The difference between overt and meta conversations
June 9, 2020
Almost all conversations involved two different parts. One part is the overt topic of the conversation, and it is generally pretty easy to recognize – for example, “What are we going to have for dinner?”
There is another part of most conversations, one that is more difficult to recognize or identify. This is sometimes called the “meta conversation.” The meta conversation has its own topic, which is often very different from the overt topic. Meta conversations are usually about some aspect of the relationship between you, and are often unspoken and not consciously recognized by one or both people having the conversation. Examples of meta conversation topics include:
- Do you care about me? Do you love/like/respect/value me?
- Which one of us is in control here?
- I am afraid of what it means about our relationship if we don’t agree.
Identifying the meta conversation can be a powerful tool when an interaction is becoming confusing or difficult. If you are having a difficult time understanding why a conversation is going wrong, try to identify the meta conversation topic. Maybe there is more than one.
There are a number of ways that unaddressed meta conversations cause relational problems. Sometimes you are each having a different meta conversation. If one of you is having a meta conversation about who is in control and the other one is having a meta conversation about whether you care about each other, things will probably be confusing at best. Sometimes we make incorrect assumptions about the other person’s meta conversation focus, which can make us feel unnecessarily hurt, angry, or defensive.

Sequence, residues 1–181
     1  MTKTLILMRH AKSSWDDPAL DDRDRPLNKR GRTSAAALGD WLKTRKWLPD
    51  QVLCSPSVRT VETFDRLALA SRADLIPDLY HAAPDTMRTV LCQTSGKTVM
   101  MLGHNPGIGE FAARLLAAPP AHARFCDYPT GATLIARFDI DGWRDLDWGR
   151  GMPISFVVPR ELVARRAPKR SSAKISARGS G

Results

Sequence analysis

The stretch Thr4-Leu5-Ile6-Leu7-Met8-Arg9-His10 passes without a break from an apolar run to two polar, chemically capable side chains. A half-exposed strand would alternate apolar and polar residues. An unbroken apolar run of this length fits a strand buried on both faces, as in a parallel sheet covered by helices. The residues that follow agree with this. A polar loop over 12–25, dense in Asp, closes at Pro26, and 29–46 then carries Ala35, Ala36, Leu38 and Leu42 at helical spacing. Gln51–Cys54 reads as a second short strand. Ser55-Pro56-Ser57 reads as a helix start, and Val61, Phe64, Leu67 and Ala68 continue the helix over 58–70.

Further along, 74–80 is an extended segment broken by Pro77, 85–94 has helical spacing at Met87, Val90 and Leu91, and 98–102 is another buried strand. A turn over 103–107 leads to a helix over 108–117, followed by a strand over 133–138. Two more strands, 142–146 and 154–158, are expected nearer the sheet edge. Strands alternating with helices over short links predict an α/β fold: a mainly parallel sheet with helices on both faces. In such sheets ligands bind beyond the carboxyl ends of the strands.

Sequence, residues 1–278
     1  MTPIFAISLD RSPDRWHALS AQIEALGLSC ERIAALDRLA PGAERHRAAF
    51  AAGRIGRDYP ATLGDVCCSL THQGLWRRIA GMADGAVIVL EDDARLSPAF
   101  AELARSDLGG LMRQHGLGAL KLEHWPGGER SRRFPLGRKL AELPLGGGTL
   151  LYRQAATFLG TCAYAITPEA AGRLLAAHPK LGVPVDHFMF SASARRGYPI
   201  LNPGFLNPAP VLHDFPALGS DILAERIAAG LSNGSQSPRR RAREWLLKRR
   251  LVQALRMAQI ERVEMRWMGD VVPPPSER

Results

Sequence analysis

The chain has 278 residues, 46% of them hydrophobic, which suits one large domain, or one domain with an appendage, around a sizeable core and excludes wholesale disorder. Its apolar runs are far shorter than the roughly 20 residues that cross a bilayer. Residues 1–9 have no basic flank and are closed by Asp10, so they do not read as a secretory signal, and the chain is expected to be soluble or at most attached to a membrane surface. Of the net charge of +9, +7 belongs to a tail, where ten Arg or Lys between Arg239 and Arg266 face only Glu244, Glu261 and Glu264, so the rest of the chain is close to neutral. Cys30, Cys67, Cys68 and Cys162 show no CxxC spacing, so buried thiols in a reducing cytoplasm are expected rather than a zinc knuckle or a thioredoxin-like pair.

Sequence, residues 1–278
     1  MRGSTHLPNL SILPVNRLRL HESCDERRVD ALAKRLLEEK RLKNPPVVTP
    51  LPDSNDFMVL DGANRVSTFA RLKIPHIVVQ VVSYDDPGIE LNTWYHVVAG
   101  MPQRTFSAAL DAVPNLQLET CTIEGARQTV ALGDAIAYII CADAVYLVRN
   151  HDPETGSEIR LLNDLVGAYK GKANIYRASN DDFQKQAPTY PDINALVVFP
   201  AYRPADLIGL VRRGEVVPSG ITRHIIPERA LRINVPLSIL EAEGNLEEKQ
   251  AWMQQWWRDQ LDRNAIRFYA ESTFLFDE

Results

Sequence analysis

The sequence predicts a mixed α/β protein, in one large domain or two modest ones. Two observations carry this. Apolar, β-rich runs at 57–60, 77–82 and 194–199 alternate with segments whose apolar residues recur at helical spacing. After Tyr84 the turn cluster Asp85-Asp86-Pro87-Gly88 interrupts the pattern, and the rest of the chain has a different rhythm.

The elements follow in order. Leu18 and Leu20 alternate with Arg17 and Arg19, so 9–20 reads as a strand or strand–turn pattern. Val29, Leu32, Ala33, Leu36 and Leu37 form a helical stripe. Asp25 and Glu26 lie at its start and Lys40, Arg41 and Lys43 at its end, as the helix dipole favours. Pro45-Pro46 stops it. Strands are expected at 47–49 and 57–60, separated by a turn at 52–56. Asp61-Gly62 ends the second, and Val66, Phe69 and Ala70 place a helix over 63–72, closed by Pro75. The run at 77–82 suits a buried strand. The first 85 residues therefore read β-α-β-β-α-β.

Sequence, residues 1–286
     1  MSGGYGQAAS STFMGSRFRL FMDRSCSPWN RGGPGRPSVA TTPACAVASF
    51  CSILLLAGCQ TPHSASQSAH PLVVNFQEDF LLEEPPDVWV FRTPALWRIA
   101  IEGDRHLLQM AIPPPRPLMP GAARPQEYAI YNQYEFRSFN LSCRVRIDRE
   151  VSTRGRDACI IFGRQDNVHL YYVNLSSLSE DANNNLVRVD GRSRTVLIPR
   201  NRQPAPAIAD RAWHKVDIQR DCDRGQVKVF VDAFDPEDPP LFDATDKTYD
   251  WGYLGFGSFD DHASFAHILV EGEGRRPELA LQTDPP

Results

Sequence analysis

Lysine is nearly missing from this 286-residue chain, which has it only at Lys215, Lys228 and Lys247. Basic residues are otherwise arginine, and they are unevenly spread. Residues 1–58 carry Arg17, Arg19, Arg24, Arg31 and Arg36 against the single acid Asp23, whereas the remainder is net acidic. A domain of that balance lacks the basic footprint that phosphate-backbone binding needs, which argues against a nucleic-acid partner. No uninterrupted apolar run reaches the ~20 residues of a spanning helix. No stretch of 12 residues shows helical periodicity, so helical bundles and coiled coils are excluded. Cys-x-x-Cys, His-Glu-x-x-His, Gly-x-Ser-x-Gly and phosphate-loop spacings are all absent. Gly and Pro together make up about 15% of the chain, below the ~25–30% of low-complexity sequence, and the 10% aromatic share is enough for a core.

The only real way to know the meta conversation topic is to talk about it with the other person. Talking about the meta conversation is challenging because it is vulnerable to reveal; sometimes it is even scary to revel to yourself. It feels vulnerable to let someone know that their caring or respect for you matters to you. This provides motivation to avoid acknowledging the meta conversation, and it is why people often insist that the reasons they are upset is the overt topic rather than a meta conversation topic about the relationship.
If you don’t believe it is a good idea to talk directly about the meta conversation with someone in any given moment, you can still address possible meta conversation topics. Authentically letting someone know that you care about them and/or respect them will almost always improve a conversation, even if you disagree about the overt topic.
I will leave you with a word of caution: meta conversations are, by their nature, often tricky to identify – even our own. Sometimes the only way to understand your own meta conversation focus is by talking it through with the other person. Whatever else you do, do not try to second-guess others’ meta conversation topics or focus. Figuring out your own unspoken wants and fears is more than enough work to do!
– Tod Fiste, LPC